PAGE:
On second listen, this score makes adequate and quite appropriate use of preexisting themes, as well as meshing in a new main one for this film in particular, which I feel lines up pretty well with the overall Pirates musical signature. Should a sixth film emerge it may very well be worth it just to see, possibly, Zanelli have another go, or perhaps a reprise from one of the numerous composers involved in this series. The pinnacle of this OST is My Name is Barbossa, which is a beautiful culmination of the One Last Day theme for Will and Elizabeth.

 

VICE by Nicholas Brittel

This is such a damn catchy score. It's at times really groovy with big band brass and retro style percussion, and also very symphonic with it's main theme and various string serenades. Last year at FYC season I really enjoyed listening to Darkest Hour, this year VICE takes the prize. It's a super fun listen and a very musically diverse album.

 

Jaws (Decca Records) by John Williams

I am aware at the interesting assembly of this album, but Jaws remains one of Williams greatest and most memorable works. Great themes and the strongest musical resonance of a score in a film I think for many people worldwide. Instantly recognizable music.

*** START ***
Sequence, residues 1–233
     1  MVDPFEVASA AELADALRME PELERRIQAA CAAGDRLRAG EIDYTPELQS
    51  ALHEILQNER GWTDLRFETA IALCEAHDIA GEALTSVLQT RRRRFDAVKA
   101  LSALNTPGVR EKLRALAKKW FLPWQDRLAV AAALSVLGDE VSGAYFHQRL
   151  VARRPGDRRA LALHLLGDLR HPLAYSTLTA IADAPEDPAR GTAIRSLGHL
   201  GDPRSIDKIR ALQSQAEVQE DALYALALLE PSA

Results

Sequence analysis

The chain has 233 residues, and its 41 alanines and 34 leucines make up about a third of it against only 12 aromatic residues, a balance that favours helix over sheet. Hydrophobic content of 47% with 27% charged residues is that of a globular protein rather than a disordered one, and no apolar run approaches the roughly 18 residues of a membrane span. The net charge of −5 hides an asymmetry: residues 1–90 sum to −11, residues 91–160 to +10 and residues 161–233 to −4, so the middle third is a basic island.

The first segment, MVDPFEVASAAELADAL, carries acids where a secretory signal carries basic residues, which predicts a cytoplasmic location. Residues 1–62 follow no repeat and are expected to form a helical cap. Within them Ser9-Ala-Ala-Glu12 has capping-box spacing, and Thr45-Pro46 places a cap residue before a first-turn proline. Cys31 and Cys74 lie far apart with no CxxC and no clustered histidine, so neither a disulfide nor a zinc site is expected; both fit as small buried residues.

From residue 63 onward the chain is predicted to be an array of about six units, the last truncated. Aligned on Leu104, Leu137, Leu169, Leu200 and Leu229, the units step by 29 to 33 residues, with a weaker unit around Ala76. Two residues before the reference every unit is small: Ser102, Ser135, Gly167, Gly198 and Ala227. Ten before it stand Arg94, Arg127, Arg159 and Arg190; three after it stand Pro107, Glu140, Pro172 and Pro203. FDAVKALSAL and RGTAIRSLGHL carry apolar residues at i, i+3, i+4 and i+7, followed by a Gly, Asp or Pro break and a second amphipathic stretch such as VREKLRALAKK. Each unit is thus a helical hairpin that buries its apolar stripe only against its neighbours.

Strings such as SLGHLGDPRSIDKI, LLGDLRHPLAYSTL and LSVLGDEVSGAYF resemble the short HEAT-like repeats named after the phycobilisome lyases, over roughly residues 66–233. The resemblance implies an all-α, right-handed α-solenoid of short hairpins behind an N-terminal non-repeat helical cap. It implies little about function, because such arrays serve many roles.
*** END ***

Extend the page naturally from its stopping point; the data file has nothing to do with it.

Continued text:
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I just received the new Harry Portter set the other day so I’ve been listening to those scores off and on. Someday soon I will sit down and listen to them all in their glory! I’m very happy to see that the new set includes the children’s suite, I’m a huge fan of Williams’s chamber works. I can’t get enough of the wonderful counterpoint and his rich harmonies in the Quidditch piece!  

 

Also, I’ve been really into Hook lately. The arrival of tink track (specifically in the extended release edition) always manages to bring a beaming smile to my face! 

 

 

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4 minutes ago, Bespin said:

 

That's my pleasure!

 

Visit my website now: http://www.goplanete.com/johnwilliams/music/disco/albums.htm.

 

ūüėĀ

Very nice! The John Williams at 80 article was a great read! It’s motivating to see someone of his age still so dedicated to the creation of beautiful art and truly meaningful music!

On 12/27/2018 at 6:13 PM, Bespin said:

Today I listened to Schindler's list new set.